A new study says drilling activity, like this well pad in North Dakota, has claimed millions of acres across the U.S. and Canada. (Photo by Chris Boyer, Kestrel Aerial Services / NPCA via Creative Commons)
Drilling for oil and gas, which has increased substantially in many parts of the country over the past decade, has impacted millions of acres of agricultural and range land, according to researchers.
A study published today in the journal Science found that between 2000 and 2012, about 7 million acres – the rough equivalent of three Yellowstone National Parks – was given over to well pads and related roads. About half of the acreage was rangeland, and roughly another 40 percent was cropland and 10 percent forestland. A very small amount was wetland.
The researchers calculated that crop production lost due to drilling amounted to 130 million bushels of wheat, about 6 percent of the wheat produced in 2013 in the region under study. →
Michigan Democrats introduced legislation Thursday to double the state’s efficiency and renewable energy standards by 2022.
The “Powering Michigan’s Future” bill package, announced by a bicameral group of Democratic lawmakers in Lansing, heads to committee in both Republican-controlled chambers where it faces an uncertain future.
Michigan Republicans are looking to abandon the renewable energy standard (PA 295) that passed with bipartisan support in 2008.
When the 10 percent renewable energy standard levels off at the end of the year, both Republican chairs of energy committees want to move to an Integrated Resource Plan process, saying that could drive utilities to pursue renewable and efficiency efforts if it makes sense financially and to comply with federal emission regulations.
Clean-energy advocates have said the IRP process isn’t an effective substitute for standards, which they say provide a clearer market signal to utilities and developers. →
Over the past decade, Michigan communities have been hit with a one-two financial punch. One from declining property values and the subsequent loss of tax revenue, the other from steady declines in statutorily shared revenue from the state.
So it hasn’t exactly been easy for municipalities to pursue meaningful energy efficiency upgrades intended to save taxpayer money in the long run.
“When it comes to political willingness to do energy efficiency projects, that is a very low bar. Most communities want to make their buildings and their systems more energy efficient and when you talk to them about it, you don’t come across people who say we want to waste more energy,” said Conan Smith, executive director of the Michigan Suburbs Alliance, which helps facilitate projects through the Southeast Michigan Regional Energy Office. Smith is also a county commissioner in southeast Michigan who represents Ann Arbor.
“Where the challenge arises is the financing structure. The way municipal financing structures work, it’s not likely they’re going to have a lot of excess revenue in the next decade. The question becomes: How do you get money to capitalize on these kinds of projects?” →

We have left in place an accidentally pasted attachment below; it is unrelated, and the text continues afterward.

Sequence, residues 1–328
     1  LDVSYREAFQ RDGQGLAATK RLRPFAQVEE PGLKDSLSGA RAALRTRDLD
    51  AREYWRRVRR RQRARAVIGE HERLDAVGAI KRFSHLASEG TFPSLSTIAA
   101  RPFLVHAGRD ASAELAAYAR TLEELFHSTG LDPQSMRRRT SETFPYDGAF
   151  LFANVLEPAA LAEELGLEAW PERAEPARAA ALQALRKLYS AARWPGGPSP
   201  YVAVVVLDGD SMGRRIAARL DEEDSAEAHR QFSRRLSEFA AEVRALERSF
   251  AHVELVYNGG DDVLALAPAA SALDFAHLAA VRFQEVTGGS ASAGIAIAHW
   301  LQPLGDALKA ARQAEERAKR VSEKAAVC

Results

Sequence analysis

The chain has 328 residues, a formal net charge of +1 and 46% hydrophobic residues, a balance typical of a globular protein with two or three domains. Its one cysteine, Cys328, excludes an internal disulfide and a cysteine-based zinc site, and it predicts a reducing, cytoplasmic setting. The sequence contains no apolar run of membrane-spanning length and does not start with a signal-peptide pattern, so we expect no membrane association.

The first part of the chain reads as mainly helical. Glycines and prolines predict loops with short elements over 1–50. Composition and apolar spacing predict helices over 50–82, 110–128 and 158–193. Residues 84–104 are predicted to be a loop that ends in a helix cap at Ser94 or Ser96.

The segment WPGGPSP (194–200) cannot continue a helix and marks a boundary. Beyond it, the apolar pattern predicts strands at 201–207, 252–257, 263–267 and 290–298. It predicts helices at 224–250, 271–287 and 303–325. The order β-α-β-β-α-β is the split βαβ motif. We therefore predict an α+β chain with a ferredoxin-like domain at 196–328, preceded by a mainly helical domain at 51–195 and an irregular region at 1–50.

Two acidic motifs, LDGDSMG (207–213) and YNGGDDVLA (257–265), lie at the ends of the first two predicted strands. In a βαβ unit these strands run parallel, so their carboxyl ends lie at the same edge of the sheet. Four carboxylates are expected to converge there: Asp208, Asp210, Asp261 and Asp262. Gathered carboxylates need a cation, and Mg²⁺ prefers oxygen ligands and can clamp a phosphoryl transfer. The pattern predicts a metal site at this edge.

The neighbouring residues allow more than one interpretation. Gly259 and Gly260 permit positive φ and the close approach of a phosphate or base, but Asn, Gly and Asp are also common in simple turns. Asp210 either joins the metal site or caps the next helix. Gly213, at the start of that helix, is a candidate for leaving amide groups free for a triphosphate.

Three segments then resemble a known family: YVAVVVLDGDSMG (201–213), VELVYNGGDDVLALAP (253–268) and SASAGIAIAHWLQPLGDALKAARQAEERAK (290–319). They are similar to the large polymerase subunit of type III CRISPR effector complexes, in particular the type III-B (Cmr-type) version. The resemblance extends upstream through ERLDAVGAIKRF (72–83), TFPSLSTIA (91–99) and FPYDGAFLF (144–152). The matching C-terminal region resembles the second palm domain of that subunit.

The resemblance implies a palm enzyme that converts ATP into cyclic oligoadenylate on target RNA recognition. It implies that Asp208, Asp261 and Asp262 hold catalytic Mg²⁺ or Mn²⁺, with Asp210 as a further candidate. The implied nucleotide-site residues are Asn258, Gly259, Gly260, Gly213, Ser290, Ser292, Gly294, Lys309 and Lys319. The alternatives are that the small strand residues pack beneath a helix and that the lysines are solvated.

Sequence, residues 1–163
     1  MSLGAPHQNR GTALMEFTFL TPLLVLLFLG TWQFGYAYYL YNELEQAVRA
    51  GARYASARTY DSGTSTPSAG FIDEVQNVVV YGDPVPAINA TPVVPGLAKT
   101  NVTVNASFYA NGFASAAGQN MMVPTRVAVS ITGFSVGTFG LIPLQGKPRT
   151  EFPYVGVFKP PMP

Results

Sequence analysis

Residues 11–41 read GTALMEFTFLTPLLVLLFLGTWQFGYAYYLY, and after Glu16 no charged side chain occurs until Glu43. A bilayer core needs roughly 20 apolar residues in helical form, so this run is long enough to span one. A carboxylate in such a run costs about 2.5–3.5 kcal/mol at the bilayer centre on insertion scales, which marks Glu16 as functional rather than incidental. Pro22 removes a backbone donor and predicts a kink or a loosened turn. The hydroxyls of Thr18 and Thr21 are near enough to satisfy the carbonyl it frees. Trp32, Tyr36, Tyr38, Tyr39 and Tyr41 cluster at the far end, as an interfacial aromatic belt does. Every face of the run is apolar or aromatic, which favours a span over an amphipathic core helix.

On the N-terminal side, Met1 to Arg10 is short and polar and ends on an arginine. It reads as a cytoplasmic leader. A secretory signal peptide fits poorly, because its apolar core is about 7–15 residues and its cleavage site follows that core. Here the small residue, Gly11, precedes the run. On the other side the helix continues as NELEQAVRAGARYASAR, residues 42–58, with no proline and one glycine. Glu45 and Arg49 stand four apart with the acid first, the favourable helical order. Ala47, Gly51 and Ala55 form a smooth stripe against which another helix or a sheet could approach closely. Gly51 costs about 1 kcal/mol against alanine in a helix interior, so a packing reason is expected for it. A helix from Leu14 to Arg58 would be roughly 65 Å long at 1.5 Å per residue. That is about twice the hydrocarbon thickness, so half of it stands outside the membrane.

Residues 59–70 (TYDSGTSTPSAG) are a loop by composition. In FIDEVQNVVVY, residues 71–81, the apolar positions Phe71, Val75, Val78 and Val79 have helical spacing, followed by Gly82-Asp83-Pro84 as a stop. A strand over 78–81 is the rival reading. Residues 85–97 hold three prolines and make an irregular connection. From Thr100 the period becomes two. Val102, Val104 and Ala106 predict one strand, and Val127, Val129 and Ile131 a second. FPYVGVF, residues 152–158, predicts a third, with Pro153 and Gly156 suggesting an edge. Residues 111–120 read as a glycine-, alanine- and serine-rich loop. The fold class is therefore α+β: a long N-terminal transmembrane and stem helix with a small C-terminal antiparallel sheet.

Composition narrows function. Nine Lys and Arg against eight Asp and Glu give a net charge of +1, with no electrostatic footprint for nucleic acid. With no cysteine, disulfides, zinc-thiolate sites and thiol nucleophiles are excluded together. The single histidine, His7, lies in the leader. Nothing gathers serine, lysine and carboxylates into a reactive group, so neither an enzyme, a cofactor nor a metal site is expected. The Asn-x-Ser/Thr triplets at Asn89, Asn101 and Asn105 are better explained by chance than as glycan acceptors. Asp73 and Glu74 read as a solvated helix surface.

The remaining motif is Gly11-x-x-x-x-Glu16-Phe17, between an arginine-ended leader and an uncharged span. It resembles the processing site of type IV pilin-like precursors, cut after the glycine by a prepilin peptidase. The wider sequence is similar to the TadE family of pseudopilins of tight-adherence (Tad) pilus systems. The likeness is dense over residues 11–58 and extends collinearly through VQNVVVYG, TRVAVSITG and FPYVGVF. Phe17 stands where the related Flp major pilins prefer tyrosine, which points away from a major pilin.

While Minnesota has made considerable strides in recent years toward adopting cleaner energy, an ad campaign starting today will target two of the state’s utilities for their reliance on coal.
The Sierra Club will begin airing two television commercials on 23 cable stations calling for Xcel Energy and Minnesota Power to reduce their use of coal over the next 15 years.
Both ads charges that Minnesotans pay $420 million a for out-of-state coal, based on government and Union of Concerned Scientists data, for electricity instead of using renewable resources such as wind and solar. →
Illinois officials searching for answers about the spike in generation capacity prices in the southern half of the state went straight to the source during a legislative hearing Monday.
Melissa Seymour, the Midcontinent Independent System Operator’s central region executive, appeared before an Illinois Senate committee Monday afternoon. The topic of the hearing was supposed to be overview of regional transmission and wholesale power markets. But questions quickly zeroed in on MISO’s recent auction.
Seymour told committee members that the tenfold increase in capacity prices from last year was driven by the fact that more capacity was procured through the auction instead of private negotiations.
Capacity auction results were “not a result of a lack of supply here in Illinois,” she said, noting there was more than 11,000 megawatts of generation bid in to supply 10,000 MW of demand. “It was a function of how load-serving entities will be meeting their obligations.” →
An interactive map developed by EcoEngineers and Iowa State University maps the state’s ag waste potential.
Iowa, already one of the nation’s two leading producers of both corn ethanol and biodiesel, may be about to plunge into the production of renewable fuels made from animal manure, municipal waste and other organic byproducts of farming and manufacturing.
The shift is in part because of an obscure change made last summer in the federal Renewable Fuels Standard (RFS), which has enhanced the value of biogas in the fuel marketplace.